An outcry has begun in the State over a BBC documentary on Kaziranga tiol Park, painting its rhino conservation efforts in very dark colours. The Central government is incensed as well, with the Ministry of Environment, Forest and Climate Change reportedly pressing the Ministry of Foreign Affairs to revoke the visas of BBC jourlist Justin Rowlatt and associates who shot the documentary, as well as ban their entry into India for five years. The tiol Tiger Conservation Authority, running a successful tiger conservation in Kaziranga, has already banned Rowlatt and BBC, ordering all tiger reserve authorities to disallow filming permission to the network for five years. Titled ‘Killing for Conservation’, Rowlatt’s documentary uses strong language at the very onset, dubbing Kaziranga as ‘the park that shoots people to protect rhinos’. With the tone thus set, it proceeds to punch gaping holes into KNP’s ‘incredible story of conservation success’, which started with just a handful of rhinos a century ago and now houses more than 2,400, which is two-thirds of the entire world one-horned rhino population. But this success supposedly has a “dark side” of serious human rights abuse, of abuse of blanket powers given to forest guards to shoot at sight, denial of livelihood to tribal communities who depend on Kaziranga forests for survival, eviction drives to uproot local people, and incidences of torture and extrajudicial killings. No wonder the Central government has denounced the documentary as ‘grossly erroneous’ and threatened to blacklist it; there is anger over the BBC team submitting a ‘false synopsis’ of its planned documentary before seeking permission for filming, and then flouting its undertaking by airing the documentary without showing it to a representative of the Government of India.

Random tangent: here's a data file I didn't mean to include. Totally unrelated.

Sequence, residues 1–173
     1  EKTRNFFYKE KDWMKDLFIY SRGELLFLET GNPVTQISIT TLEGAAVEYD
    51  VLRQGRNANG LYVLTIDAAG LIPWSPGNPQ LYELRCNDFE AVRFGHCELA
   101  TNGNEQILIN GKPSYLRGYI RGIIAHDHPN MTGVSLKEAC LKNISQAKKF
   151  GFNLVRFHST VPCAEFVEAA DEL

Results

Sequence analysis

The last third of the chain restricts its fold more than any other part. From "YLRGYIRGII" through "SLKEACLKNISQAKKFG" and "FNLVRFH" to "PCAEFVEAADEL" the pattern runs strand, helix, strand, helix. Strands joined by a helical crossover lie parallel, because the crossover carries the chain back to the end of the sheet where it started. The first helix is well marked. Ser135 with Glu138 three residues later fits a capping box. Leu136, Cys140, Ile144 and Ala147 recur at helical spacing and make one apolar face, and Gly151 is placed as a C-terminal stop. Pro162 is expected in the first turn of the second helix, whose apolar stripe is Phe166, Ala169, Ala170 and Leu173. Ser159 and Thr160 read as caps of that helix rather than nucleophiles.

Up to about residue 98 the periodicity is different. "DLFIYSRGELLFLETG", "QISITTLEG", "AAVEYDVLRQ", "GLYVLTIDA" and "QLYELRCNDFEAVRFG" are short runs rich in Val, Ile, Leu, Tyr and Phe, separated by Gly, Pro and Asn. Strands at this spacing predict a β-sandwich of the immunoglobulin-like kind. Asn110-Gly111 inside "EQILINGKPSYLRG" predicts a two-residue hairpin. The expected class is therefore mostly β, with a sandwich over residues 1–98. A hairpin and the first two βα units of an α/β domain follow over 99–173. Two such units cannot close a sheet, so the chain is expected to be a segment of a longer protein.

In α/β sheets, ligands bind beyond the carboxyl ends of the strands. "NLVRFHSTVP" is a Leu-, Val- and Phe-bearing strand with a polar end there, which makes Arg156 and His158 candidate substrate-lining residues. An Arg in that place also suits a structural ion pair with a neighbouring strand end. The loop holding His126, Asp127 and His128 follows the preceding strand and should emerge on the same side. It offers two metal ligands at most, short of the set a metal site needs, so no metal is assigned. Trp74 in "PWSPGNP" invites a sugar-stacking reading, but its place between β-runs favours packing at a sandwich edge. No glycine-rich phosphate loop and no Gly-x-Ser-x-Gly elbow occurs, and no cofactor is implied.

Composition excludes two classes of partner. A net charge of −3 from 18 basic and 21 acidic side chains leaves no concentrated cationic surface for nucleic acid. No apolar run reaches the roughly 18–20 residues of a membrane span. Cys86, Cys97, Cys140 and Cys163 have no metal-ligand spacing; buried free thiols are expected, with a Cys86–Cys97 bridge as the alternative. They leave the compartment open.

The language and tenor of Rowlatt’s reporting has been called partisan, his work lacking in research and balanced approach. He has been accused of not taking into account viewpoints of all the stakeholders, relying only on inputs from members of local communities victimized by the running battle between poachers and forest guards. The documentary contends that from 2013 onwards in a three year period, park rangers have been ‘killing an average of two people every month or more than 20 people a year’, that in 2015, more people were shot dead (23) by rangers than rhinos killed (17) by poachers. What is more, ‘careful investigation is not a priority when it comes to wildlife crime in Assam’ with just two people prosecuted for poaching at KNP in last 3 years, in striking contrast to the 50 people shot dead in the park, says the documentary. Innocent villagers, mostly tribal people, have been caught up in the conflict; the problem is mostly because the park rangers are indiscrimite in applying brutal force, and are given immunity from prosecution. However, the BBC documentary has been accused of using the sort of language employed by NGOs like Survival Intertiol, which has now launched an e-mail campaign in at least 10 Western countries, calling upon tourist agencies to boycott Kaziranga because of the “inhuman trend of tribal people being tortured and killed in the me of conservation”. It is true that unlike some earlier BBC documentaries, Justin Rowlatt’s work on KNP has failed to consider the problem from all sides, particularly the herculean task of defending wildlife in Kaziranga in a densely forested, flood-prone terrain with the Brahmaputra on its north and the Karbi hills on its south flanks. It has not cast any light on the scale of crimil activity that has grown up around poaching, of shooters coming in from outside, of heavily armed gangs involving local people by striking fear in them and tempting them with big money. Rowlatt has also missed out on the political and militancy angles associated with continued rhino poaching. But there needs be some soul searching from the Central and State governments’ too, about conservation efforts focused on emblematic species like the rhino and the tiger. The symbolism of the conflict should not blind the authorities to the fact that Kaziranga cannot be sealed off hermetically, that its buffer zone of local communities must not be antagonized. A heavy-handed approach only plays into the hands of poachers, who are getting ever more sophisticated in their ways. The focus should be more on involvement of locals in conservation, and astute intelligence gathering in their midst.